Maine Wind & Ocean News Wrap up for Oct-Sept '14


High Court Supports BEP Decision to Permit Passadumkeag Mountain Wind Farm

The Maine Supreme Judicial Court has upheld the Board of Environmental Protection’s decision to grant permission for a wind farm on Passadumkeag Mountain in Grand Falls Township.
Last year, the BEP overturned a decision by the Department of Environmental Protection to reject the 14-turbine wind farm.
Passadumkeag Mountain Friends, a non-profit group fighting against the project, appealed the decision to the high court.
From WABI
 
ORPC Proves Design of Its Future Tidal Energy Power System
ORPC is pleased to announce it has concluded its highly successful OCGen® Module Mooring Project at its federally licensed Cobscook Bay, Maine project site. This first-of-its-kind project, funded partially by the U.S. Dept. of Energy and Maine Technology Institute, proved the stability of the prototype OCGen® device in reversing tidal currents and confirmed the loading and performance of its innovative tensioned mooring system.
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Vestas Stays On Duty At Kibby Wind Farm In Maine
TransCanada has renewed a service agreement with Vestas for the 132 MW Kibby Wind project, located in Eustis, Maine.
The project consists of 44 V90-3.0 MW turbines originally installed in 2009. Under the new contract, Vestas will deliver a full-scope service package for 15 years. The company says its AOM 5000 package is an energy-based availability guarantee.
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Carthage woman loses appeal over wind farm
With her home more than 40 miles away, officials conclude that she would not be affected by noise
The appeal, by Alice McKay Barnett, was one of two filed in reaction to the Department of Environmental Protection’s approval of the Bingham Wind Project in September. It stated that Blue Sky’s protocol for dealing with noise complaints related to the turbines is not adequate and asked the department to put in place a noise complaint hot line managed by local health officials.
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First Wind's investment from Emera appealed again to top court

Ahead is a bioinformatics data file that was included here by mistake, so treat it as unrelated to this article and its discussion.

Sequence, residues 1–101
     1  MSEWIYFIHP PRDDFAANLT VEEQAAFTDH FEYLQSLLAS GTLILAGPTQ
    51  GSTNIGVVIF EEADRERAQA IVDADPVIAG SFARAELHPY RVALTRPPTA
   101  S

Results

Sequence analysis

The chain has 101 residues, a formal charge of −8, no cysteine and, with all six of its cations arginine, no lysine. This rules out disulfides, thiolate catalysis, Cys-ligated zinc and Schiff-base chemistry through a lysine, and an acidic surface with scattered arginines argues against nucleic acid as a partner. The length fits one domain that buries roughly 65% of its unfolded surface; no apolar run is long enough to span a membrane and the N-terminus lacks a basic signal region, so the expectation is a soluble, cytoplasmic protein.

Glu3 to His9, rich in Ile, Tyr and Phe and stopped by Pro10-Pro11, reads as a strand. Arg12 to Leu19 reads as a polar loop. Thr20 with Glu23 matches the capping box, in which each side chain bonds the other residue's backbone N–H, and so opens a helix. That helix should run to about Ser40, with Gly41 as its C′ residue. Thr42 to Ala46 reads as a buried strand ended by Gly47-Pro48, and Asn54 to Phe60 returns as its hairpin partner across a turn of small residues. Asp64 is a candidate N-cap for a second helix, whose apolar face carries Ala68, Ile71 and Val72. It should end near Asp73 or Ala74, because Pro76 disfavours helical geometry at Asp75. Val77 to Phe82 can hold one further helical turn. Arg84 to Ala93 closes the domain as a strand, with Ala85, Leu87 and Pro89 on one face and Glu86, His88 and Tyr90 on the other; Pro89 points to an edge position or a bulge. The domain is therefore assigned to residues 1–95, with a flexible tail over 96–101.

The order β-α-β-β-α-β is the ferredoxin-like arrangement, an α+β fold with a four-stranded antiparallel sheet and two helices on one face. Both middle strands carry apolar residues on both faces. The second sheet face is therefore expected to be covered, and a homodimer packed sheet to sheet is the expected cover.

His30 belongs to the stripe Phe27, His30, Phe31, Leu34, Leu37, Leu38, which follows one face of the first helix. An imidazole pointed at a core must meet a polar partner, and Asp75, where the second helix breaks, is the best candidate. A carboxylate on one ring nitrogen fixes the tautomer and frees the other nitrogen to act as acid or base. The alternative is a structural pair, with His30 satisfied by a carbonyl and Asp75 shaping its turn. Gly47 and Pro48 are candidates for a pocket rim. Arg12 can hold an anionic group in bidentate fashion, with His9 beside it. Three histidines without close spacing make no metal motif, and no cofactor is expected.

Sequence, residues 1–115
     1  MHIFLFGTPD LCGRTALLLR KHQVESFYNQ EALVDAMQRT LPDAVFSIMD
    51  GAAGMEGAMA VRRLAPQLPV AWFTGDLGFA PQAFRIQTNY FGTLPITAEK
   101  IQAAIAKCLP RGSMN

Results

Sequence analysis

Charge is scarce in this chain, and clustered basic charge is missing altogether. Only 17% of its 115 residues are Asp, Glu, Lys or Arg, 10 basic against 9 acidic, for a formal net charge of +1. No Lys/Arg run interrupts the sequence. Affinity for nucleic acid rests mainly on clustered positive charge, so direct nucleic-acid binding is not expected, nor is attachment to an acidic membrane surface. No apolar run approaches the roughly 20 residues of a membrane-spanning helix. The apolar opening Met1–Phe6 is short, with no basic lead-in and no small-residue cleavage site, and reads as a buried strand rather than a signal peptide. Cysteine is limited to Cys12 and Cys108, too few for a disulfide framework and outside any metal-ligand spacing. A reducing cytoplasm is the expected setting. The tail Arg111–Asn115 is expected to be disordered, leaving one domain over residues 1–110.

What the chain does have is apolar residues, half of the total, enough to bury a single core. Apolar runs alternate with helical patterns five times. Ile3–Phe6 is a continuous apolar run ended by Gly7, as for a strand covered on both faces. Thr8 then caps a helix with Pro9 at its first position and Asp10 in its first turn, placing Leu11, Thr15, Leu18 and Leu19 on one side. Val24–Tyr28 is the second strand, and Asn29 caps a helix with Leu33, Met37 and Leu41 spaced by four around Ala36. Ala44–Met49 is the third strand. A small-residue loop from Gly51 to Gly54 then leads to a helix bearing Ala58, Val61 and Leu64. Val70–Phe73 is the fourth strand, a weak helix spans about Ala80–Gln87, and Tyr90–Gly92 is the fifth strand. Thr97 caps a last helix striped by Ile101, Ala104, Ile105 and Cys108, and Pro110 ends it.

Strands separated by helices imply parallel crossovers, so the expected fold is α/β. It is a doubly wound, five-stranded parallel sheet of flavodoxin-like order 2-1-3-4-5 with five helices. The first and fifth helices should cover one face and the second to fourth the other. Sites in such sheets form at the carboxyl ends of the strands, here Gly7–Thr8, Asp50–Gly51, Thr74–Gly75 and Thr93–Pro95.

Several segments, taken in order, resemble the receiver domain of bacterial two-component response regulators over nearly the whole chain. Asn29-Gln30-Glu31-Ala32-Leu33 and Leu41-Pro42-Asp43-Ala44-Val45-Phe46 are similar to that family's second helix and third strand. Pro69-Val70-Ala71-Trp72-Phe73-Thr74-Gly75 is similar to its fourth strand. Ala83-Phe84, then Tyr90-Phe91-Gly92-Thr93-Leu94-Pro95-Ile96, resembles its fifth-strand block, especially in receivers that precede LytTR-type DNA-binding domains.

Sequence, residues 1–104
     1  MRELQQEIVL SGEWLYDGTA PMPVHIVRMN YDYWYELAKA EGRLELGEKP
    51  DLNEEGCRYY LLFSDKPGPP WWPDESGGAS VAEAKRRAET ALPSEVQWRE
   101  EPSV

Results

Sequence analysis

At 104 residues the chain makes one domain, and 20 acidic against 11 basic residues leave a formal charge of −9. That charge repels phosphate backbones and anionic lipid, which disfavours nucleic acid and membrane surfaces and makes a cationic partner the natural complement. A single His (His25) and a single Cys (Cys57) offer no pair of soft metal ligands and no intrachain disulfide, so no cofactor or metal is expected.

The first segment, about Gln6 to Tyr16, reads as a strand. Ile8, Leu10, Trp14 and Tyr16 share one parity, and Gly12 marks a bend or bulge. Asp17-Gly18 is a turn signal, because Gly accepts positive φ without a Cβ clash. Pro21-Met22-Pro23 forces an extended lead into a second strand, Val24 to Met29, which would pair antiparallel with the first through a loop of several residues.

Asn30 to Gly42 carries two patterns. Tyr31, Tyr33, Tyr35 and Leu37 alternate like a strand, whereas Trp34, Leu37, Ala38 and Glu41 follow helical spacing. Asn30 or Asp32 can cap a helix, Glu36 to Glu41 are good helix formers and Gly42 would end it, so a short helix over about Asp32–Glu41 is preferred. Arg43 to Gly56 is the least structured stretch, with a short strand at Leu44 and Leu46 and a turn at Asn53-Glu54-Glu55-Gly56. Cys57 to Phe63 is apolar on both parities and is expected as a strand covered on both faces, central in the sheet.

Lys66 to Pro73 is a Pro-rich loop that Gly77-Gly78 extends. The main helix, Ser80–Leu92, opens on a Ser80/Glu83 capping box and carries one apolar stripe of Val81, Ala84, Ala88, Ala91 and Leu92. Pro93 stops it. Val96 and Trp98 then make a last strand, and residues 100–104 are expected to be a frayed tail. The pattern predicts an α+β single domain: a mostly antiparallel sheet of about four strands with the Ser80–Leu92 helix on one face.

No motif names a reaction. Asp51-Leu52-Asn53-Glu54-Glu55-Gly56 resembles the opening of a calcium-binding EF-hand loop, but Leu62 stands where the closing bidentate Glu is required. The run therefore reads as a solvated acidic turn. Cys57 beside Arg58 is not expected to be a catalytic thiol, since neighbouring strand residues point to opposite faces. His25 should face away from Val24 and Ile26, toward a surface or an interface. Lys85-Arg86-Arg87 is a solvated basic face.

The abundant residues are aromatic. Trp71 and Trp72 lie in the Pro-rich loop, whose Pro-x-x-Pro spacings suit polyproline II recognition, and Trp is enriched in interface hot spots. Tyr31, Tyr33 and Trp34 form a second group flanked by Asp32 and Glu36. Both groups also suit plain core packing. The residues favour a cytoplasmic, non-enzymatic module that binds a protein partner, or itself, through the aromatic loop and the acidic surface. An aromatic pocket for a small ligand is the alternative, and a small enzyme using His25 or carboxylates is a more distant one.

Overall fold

The case has broader implications for investment in power generation in Maine, mostly because it addresses to what extent, if at all, the Nova Scotia-based parent company of the former Bangor Hydro and Maine Public Service can invest in any power generation in the state. Central Maine Power Co. is, similarly, owned by the Spanish company Iberdrola.
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Pika powers high school near Houston and appears on on 'Living the Country Life'
 The new Career and Technical High School in Pasadena, installed a Pika T701 wind turbine on a 60-foot tower next to the school. The new installation will support workforce development opportunities. Students will be able to analyze performance of the Pika turbine through Pika's REview monitoring.
 
Pika Hybrid System owners Tracy Wilkerson and Pete Hedden were recently interviewed for the nationally-broadcast radio program 'Living the Country Life' about their experiences building their own home and living self-sufficiently in the Maine mountains with a combination of wind and solar drastically reducing their electric bill, while taking advantage of their property's unique wind resource.
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Read the Country Life article here:
 
Frankfort voters reject referendum that would have repealed restrictive wind ordinance
Frankfort residents voted Tuesday by 138 votes to retain their existing wind energy ordinance rather than repealing it and adopting the state's model wind ordinance. The tally was 224 in favor of repeal to 362 opposed.
The vote prevents the Waldo Community Wind project, a planned six-turbine, 18-megawatt wind power project proposed by Portsmouth, N.H.- based Eolian Renewable Energy LLC, from going forward. According to Eolian, the project would have delivered clean, emission-free power to about 6,500 homes across Maine and New England.
Read More                                         
 http://waldo.villagesoup.com/p/frankfort-voters-reject-referendum-that-would-have-repealed-restrictive-wind-ordinance/1264600

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Marine Highway Momentum from Maine Port Authority
DOT's Maritime Administration (MARAD) has supported the Maine Port Authority’s development of a next-level cargo vessel designed specifically to handle that unique marine environment.
In addition to increasing safety and reliability for mariners and shippers, the project shows great potential to reduce energy consumption and air emissions while offering relief to cars and trucks on the busy I-95 land-side corridor.
This week, port officials took a major step forward in this effort by releasing a design for the first U.S. containerized articulated tug barge, or “ATB,” made possible with funding from MARAD.
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